Appwrite is another open-source BaaS provider that offers a range of back-end services for building web and mobile applications. Coincidentally, its first production-ready version, v1.0, was also released back in September 2022. Appwrite provides features such as user authentication, database storage, file storage, serverless functions, and email sending.
Unlike Amplication, you integrate Appwrite to your back end with SDK. This may sound confusing because BaaS should be responsible for the whole back end in the first place, isn't it? Yes, although it handles all business logic for your application, Appwrite is a dependency of your application that you have to manually initialize and configure. This is another form of BaaS.
When talking about Appwrite, the product has three strengths. They might not be unique, but many other solutions do not have them all at the same time.
Support for multiple platforms and programming languages.
Real-time data subscription.
That said, Appwrite abstracts the database, meaning it is handled internally and only the NoSQL-like interface is exposed, so you have less flexibility in this regard.
Appwrite also provides both cloud and on-premise options. However, their cloud service is still in private beta, and there is no official pricing at the moment. The on-premise, or self-hosted, is free and full-featured, but certainly, it costs in the overhead maintenance.
And the same Amplication, Appwrite does not have any public statement about Compliance, so you may have to reach out to their support for clarification on this matter.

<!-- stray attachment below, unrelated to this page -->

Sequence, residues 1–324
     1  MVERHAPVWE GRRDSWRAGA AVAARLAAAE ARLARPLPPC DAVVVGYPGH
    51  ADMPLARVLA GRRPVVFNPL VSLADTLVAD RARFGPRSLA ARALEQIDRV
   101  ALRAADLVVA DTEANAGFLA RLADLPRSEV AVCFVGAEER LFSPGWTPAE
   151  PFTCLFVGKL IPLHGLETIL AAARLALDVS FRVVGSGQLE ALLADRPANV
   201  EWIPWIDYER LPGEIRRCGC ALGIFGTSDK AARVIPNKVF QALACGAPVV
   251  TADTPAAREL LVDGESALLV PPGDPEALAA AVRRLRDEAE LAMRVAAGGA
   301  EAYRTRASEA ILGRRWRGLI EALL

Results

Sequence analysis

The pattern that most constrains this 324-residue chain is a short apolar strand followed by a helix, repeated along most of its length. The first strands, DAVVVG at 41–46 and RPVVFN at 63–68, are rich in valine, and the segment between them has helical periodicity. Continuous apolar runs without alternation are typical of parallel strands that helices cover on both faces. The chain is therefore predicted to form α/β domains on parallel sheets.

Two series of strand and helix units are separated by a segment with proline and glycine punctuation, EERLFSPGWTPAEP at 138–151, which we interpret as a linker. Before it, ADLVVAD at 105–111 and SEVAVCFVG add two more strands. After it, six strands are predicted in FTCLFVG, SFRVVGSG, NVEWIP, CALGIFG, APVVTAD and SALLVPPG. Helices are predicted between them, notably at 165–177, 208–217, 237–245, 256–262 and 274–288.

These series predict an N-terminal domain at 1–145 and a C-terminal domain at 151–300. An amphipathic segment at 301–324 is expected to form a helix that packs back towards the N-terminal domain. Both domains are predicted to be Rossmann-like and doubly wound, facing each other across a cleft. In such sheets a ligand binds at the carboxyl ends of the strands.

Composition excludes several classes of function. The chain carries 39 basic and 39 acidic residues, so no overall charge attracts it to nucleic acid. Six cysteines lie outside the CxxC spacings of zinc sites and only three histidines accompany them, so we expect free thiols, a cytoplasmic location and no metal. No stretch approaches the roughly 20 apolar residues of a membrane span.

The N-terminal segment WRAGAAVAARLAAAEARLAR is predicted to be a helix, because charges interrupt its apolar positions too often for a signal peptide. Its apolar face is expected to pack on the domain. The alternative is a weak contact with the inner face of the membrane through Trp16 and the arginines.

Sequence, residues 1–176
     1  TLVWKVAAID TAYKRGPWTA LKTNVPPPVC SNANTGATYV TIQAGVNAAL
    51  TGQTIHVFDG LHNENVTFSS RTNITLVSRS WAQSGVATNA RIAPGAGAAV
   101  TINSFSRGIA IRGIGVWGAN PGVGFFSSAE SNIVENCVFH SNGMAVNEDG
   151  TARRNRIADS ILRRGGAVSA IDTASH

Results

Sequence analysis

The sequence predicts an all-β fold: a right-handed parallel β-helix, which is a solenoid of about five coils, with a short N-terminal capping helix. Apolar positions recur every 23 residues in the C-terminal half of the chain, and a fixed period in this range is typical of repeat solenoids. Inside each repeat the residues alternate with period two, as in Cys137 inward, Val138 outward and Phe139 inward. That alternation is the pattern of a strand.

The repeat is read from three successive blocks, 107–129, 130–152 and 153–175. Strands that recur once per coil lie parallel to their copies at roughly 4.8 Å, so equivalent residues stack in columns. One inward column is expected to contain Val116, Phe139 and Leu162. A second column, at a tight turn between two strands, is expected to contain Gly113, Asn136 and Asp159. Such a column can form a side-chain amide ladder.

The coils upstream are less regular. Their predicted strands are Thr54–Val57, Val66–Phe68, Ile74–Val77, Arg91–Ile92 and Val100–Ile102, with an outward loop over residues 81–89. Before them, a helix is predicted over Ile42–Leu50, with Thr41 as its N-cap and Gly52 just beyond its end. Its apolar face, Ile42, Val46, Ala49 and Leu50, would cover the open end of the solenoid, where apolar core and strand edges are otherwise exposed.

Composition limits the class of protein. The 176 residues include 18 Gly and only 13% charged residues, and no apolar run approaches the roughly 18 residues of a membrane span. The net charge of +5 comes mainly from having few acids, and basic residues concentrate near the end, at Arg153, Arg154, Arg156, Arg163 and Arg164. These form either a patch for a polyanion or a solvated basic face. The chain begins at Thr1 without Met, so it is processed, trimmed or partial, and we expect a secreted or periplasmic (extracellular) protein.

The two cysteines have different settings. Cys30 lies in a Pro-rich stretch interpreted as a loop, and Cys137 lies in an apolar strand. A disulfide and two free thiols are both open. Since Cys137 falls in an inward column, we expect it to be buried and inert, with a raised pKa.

Founded in 2020, in roughly the same period as Amplication and Appwrite, however, Supabase is arguably the most established open-source solution among the three. In a sense, Supabase is a direct equivalent and close to feature-parity with Appwrite, offering a self-hosted option, plus a mature cloud platform that offers enterprise support and an even greater amount of integrations. However, Supabase only supports PostgreSQL, the opposite of the NoSQL approach in Appwrite.
Regarding the cloud platform price, Supabase has a Free plan, a Pro plan, and a customized Enterprise plan. There are a few points to mention.
Unlike Amplication, which generates code and you are responsible for the hosting solution, Supabase provides integration and hosting services for you. The Pro plan costs $25 per month per project. That said, this is a different pricing model compared to Amplication, so they are not comparable.
They also have add-ons for the subscription, and the compute instance can be customized to your need. These will change the subscription fee though.
Supabase does not seem to have usage caps on their Pro plan, so if you accidentally exceed the limit, prepare your pocket.
On the topic of Compliance, Supabase has official support for SOC2 Type 2. There is no mention of other compliances, but they certainly do not support HIPAA and PCI (learned from their ToS and confirmed by a support agent).
The articles below dived deep into 12 different solutions on the market. Do feel free to check them out if you are interested in this topic!
The article gives you an introduction to the concept of headless CMS, BaaS, the differences between them, and some open-source BaaS solutions on the market. That said, this article is just an introduction to the topic, the tip of the iceberg you can say, so there is a lot more to learn about. If you notice, the three mentioned BaaS all have their trade-off, so make sure to do deeper research before you decide to commit to one solution. Hopefully, this article was able to help you be aware of these fascinating products, and successfully in improving your developer experience and productivity.
This article was originally published at: Amplication vs Supabase vs Appwrite, for an effortless back end.